Over the 2002:Q2-2003:Q2 period, 13 nonfarm NAICS sectors generated $3.566 billion in earnings, while the remaining six sectors sustained an $831 million loss in earnings. The net result was a $2.735 billion growth in Connecticut nonfarm earnings between 2002:Q2 and 2003:Q2, compared to $2.050 billion for 2002:Q1.

The largest contribution to total nonfarm earnings over the 2002:Q2-2003:Q2 period was made by the finance and insurance sector. Earnings grew by $1.167 billion, and accounted for almost 33 percent of earnings growth in 2003:Q2. Earnings for health care and social assistance grew by $667 million and represented 18.7 percent of the growth in Connecticut's total nonfarm earnings between 2002:Q2 and 2003:Q2. Government earnings grew by $334 million and accounted for just under 10 percent of earnings growth over 2002:Q2-2003:Q2.

More than one half of the contraction in nonfarm earnings for Connecticut was in the manufacturing sector. Earnings contracted by $450 million, and one half of the decline in manufacturing occurred in durable goods (-$227 million).

Trends in Connecticut earnings

Chart 1 follows the YTY growth rate in Connecticut total nonfarm earnings, private sector earnings, and government, or public sector earnings for the 24 quarters spanning 1996:Q2 to 2003:Q2.

Up until 2001, private sector earnings had grown slightly faster than total nonfarm earnings in Connecticut. And, save the spike in the second quarter of 2000, government earnings grew much more slowly than nonfarm or private earnings. That changed in 2001. But interestingly enough, the first spike in 2001 was in the first quarter, which was two quarters before the Terrorist Attacks on September 11, 2001. The second, and higher, spike in government earnings does coincide with the quarter of the attacks (2001:Q3). Though the increases have decelerated since then, government earnings growth has exceeded both nonfarm and private earnings. To get a more detailed perspective, Chart 2 traces the YTY growth rate of earnings for the major breakdowns of the government sector from 2002:Q2 to 2003:Q2.

The growth in military earnings has far outpaced that of the other two major breakouts of government earnings: federal civilian and state and local. In fact, growth in federal civilian and state and local earnings have trended downward over the entire 2002:Q2-2003:Q2 period. Military earnings growth has also trended down since its peak growth rate in 2002:Q3. However, as Graph 2 depicts, since 2002:Q4, double-digit increases in military earnings have pulled up the growth rate in total government earnings.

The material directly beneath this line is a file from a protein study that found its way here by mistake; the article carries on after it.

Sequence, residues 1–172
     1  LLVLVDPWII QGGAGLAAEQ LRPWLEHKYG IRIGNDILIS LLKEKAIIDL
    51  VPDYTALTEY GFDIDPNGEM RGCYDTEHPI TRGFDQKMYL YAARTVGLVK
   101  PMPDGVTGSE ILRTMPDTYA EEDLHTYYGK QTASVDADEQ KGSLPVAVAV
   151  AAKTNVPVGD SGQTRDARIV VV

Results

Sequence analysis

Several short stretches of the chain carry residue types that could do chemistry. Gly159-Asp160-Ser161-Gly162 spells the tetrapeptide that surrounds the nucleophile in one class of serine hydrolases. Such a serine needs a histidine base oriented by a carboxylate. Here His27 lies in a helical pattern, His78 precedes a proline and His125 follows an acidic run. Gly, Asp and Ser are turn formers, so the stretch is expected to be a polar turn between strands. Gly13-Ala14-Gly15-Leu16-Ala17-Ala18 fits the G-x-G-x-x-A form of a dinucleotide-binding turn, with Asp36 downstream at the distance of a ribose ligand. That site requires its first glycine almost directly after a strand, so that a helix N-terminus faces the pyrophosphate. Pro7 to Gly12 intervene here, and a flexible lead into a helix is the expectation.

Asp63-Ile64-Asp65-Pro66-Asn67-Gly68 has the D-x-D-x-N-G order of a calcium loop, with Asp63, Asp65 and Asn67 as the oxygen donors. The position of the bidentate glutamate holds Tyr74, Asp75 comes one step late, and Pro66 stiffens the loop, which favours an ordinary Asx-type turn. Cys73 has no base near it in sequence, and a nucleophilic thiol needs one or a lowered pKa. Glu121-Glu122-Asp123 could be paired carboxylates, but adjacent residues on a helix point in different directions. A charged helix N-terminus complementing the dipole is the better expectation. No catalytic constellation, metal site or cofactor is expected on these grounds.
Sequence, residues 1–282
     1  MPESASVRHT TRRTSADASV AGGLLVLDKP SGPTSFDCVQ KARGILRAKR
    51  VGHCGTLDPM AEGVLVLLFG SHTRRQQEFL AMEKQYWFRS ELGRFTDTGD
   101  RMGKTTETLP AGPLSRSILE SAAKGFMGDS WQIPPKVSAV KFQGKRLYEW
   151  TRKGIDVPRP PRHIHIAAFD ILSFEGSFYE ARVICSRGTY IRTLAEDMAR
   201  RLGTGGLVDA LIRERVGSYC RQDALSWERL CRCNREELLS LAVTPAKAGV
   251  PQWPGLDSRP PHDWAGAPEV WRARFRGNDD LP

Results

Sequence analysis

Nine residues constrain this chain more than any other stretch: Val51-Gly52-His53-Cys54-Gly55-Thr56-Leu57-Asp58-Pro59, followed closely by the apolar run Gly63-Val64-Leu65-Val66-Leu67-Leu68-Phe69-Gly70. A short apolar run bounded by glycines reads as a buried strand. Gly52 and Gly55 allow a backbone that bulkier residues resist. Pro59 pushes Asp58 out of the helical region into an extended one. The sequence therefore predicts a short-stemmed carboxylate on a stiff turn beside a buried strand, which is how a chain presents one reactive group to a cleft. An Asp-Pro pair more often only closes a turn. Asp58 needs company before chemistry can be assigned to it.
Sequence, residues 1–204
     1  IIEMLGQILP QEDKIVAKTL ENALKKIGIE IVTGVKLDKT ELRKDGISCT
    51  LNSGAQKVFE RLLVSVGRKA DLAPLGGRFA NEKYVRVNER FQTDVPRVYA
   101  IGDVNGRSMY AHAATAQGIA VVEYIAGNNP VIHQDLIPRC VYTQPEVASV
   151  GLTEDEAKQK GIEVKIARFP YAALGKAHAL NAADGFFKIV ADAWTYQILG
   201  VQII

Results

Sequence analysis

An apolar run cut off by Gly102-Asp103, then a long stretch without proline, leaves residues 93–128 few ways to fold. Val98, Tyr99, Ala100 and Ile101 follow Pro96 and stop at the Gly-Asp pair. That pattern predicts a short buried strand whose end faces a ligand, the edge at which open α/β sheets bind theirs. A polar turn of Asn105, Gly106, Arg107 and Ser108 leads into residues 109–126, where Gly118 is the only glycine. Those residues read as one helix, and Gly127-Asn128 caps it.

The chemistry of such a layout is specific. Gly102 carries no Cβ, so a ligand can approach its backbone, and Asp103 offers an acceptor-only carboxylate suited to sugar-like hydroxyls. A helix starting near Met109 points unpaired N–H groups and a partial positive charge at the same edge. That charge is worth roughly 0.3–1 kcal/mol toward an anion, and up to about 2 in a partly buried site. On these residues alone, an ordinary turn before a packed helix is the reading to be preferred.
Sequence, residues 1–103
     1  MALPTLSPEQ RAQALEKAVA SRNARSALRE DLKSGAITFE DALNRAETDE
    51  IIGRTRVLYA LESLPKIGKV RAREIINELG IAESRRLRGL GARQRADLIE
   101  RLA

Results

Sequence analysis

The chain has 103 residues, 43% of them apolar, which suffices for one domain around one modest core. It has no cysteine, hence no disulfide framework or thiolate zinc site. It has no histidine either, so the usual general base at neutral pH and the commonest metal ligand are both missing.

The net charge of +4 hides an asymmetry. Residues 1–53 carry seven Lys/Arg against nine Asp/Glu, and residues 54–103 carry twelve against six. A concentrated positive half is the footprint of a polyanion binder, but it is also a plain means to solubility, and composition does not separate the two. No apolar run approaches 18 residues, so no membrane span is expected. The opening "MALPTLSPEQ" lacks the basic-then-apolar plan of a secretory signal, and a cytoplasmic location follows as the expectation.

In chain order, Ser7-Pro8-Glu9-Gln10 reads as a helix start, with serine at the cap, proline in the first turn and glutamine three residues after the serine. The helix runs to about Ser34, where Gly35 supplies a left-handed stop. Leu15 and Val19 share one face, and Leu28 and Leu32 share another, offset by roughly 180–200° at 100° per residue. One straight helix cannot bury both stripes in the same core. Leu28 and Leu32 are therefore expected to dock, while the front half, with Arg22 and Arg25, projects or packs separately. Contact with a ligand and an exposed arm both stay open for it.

Charts 3 and 4 show the relative size of each major public sector component to government earnings in 2002:Q2, and the relative contribution the major components made to total government earnings growth between 2002:Q2 and 2003:Q2. Though federal civilian and military earnings represented 11 percent and 5 percent of total government earnings in 2002:Q2, they contributed three times their relative size to the growth in government earnings between 2002:Q2 and 2003:Q2. Civilian military earnings growth contributed 32 percent to total government earnings growth, and military earnings contributed 16 percent. Conversely, state and local government earnings accounted for 84 percent of total government earnings in 2002:Q2, but contributed only 52 percent to total government earnings growth over the 2002:Q2-2003:Q2 period.

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Housing Update
2003 year-to-date permits up 1.9 percent

Commissioner James F. Abromaitis of the Connecticut Department of Economic and Community Development (DECD) today announced that Connecticut communities authorized 1,121 new housing units in October 2003, a 21.3 percent increase compared to October of 2002 when 924 units were authorized.

The Department further indicated that the 1,121 units permitted in October 2003 represent a 25.5 percent increase from the 893 units permitted in September 2003. The year-to-date permits are up 1.9 percent, from 8,231 through October 2002, to 8,390 through October 2003.

The Bridgeport Labor Market Area showed the largest increase in permits (117) compared to a year ago—a 142.7 percent gain. Milford led all municipalities with 118 new units, followed by Stonington with 42 and Danbury with 38. From a county perspective, only Hartford and New London counties had year-to-date gains of 18.1 percent and 12.1 percent respectively.

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Published by the Connecticut Department of Labor, Office of Research
Last Updated: December 2, 2003